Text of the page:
“We all make choices, Cossack. Who we are in this world, what we do in it. Generous or selfish. Happy or sad. Good or evil. It’s all down to choice.”
This book has almost legendary status on my bookshelves, honestly. I’ve owned it since it was released in 2013, and never read it. That’s nearly seven years of it being sat on my bookshelves untouched because I was scared of finding out what Anthony Horowitz had in store for Yassen Gregorovitch. When I actually got around to reading it, I read it in one sitting because I loved it.
Rating: 5 stars!
Ian Rider’s murder, at the hands of Yassen Gregorovich, threw Alex into espionage and trouble whether he liked it or not (he didn’t). Alex vowed revenge against Yassen, but years ago it was Alex’s own father who trained and shaped Yassen into the man he became. Alex Rider and Yassen Gregorovich are two sides of a coin, one choosing to kill and one choosing to save others, and those paths turned them into enemies. Russian Roulette isn’t Alex’s story, it’s Yassen’s and years after reading about his end, it’s time to see where his path began.
What did I think?
I wasn’t expecting the way this story was laid out. It was formatted as Yassen’s diary entries, looking back at his childhood. I’m not usually a huge fan of first person fiction, but I didn’t mind it as much as I thought I would. For some reason I didn’t think that Russian Roulette would be set when Yassen was younger, but it makes perfect sense. The books are about a teenage spy, so it makes sense for Russian Roulette to be about a teenage soon-to-be-assassin. In hindsight a book about an adult assassin would have been a massive tonal shift – basically, I’m a moron. We get to meet Yassen, or Yasha, at the beginning of his journey, just like we did with Alex. He’s a teenager living a quiet life until a huge disaster blows his life to pieces. The survivor’s guilt on this kid? Phew. To be honest, I think Yassen is pretty well adjusted, considering the trauma he goes through before he even hits eighteen years old.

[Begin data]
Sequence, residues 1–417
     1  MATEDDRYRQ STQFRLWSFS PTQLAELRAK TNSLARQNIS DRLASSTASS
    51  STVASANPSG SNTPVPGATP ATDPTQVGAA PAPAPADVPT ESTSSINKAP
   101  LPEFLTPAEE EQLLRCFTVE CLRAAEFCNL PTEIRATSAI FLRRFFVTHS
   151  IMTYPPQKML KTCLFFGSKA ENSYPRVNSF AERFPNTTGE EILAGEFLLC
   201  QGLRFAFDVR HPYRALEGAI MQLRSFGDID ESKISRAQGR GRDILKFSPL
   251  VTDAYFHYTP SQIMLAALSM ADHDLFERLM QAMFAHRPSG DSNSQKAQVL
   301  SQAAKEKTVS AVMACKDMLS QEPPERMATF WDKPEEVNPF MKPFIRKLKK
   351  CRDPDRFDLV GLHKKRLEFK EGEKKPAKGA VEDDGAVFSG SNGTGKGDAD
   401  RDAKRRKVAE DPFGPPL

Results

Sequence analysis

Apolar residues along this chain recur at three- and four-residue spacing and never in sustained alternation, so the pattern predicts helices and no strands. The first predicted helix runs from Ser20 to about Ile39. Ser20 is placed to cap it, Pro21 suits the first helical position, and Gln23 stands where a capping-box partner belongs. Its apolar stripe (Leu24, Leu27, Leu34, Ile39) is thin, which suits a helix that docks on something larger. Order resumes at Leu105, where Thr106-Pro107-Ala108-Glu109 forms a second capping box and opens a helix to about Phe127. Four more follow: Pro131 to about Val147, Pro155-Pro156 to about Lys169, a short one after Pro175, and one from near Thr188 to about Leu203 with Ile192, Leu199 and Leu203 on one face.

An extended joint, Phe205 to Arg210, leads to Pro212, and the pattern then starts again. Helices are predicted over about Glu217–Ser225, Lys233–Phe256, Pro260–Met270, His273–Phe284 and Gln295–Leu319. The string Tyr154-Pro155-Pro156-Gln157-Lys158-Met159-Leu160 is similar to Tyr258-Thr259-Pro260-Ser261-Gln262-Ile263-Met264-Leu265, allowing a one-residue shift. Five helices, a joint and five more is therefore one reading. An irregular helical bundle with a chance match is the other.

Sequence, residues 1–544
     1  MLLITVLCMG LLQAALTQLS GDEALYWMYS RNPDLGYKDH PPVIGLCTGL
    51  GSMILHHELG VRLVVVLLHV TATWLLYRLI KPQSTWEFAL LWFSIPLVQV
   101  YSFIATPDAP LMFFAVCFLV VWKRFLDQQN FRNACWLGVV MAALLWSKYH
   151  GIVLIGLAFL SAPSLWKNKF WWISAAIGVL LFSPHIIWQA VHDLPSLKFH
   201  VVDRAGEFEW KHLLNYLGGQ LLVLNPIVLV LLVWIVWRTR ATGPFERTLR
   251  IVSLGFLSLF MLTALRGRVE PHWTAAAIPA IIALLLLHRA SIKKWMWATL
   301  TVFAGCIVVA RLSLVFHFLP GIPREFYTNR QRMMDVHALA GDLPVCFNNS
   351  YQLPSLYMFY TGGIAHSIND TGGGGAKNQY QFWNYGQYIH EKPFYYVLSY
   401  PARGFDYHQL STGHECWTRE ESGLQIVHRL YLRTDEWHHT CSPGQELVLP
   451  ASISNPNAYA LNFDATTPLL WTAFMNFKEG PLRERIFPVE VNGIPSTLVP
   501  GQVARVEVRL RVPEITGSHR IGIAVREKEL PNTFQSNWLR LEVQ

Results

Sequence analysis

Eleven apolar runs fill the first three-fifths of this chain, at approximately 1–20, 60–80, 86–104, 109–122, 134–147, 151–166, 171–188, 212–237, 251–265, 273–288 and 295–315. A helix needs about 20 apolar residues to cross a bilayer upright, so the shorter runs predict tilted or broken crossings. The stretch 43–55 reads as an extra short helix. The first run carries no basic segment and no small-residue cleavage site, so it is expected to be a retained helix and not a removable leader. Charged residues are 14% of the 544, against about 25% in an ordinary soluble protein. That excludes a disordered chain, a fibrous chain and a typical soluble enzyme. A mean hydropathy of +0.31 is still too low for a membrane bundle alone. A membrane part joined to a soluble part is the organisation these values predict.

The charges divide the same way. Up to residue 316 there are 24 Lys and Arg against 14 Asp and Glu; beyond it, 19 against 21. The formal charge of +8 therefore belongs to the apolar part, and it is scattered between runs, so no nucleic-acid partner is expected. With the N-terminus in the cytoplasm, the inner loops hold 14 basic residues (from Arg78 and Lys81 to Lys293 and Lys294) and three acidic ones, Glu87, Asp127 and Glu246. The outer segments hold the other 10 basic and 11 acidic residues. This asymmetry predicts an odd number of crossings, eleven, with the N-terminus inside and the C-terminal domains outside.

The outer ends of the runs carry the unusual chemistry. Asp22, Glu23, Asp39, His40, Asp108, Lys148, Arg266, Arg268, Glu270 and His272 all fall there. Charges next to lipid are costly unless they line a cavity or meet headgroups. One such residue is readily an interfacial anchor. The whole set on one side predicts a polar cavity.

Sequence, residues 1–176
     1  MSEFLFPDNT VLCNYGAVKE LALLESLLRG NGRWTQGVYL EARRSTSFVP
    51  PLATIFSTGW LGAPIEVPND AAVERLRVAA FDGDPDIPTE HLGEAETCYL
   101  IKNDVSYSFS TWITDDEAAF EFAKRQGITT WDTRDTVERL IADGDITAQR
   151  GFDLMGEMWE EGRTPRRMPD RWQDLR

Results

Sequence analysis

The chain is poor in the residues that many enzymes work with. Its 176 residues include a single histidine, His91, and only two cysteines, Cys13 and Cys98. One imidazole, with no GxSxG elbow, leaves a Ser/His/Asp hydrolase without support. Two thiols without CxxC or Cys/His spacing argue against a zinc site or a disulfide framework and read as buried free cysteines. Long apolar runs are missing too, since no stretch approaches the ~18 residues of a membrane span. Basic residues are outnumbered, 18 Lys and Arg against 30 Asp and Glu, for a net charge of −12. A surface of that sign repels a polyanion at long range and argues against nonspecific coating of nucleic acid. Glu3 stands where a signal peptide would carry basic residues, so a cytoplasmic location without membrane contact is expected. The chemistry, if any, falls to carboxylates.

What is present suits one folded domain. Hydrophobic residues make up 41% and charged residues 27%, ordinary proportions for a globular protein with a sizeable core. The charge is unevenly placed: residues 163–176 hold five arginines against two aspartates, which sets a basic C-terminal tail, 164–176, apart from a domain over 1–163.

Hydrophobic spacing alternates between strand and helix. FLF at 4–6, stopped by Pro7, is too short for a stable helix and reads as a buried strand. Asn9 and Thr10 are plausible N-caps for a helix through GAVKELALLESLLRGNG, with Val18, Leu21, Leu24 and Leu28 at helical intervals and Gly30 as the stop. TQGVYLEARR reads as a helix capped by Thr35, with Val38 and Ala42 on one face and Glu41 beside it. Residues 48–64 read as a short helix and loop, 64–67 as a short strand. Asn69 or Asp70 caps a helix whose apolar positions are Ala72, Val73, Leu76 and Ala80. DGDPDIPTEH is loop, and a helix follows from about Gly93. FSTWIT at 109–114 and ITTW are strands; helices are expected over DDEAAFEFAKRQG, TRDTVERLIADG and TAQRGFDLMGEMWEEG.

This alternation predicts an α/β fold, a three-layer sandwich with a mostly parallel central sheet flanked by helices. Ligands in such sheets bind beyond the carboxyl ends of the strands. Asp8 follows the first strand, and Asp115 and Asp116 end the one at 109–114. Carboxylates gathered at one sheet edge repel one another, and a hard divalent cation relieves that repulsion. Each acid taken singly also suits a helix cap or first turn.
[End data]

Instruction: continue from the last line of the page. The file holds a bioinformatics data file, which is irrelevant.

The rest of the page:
We knew some of Yassen’s story, knew that he became Cossack and that he was trained by Hunter, Alex’s father. We also know what happens to both Yassen and John. We know that he trained on Malagosto, met Julia Rothman and we know that he was present in Cornwall when Alex fell into his first mission. Russian Roulette fleshes out some of that time in between. I get the impression that Yassen is Anthony Horowitz’s favourite character (I don’t blame him, he’s definitely my favourite) because Yassen is incredibly fleshed out and well-characterised. It can be really difficult to nail a morally grey character in a children’s book, but we definitely see that in Yassen Gregorovich. He does bad things for bad reasons, good things for good reasons, and sometimes he does bad things for good reasons too. He’s complicated and possibly even more traumatised than Alex, but he still has a streak of humanity in him.
The plot itself is a little convenient in places, but that’s not really what this book is here for. This book is effectively a Yassen Gregorovich character study, and it’s an excellent read for anyone who loves that character. Which, I imagine, is exactly what Anthony Horowitz wrote this book for. There are huge amounts of parallels between Yassen and Alex, even though they grew up in totally different circumstances and for die-hard Alex Rider fans, this is a must read.
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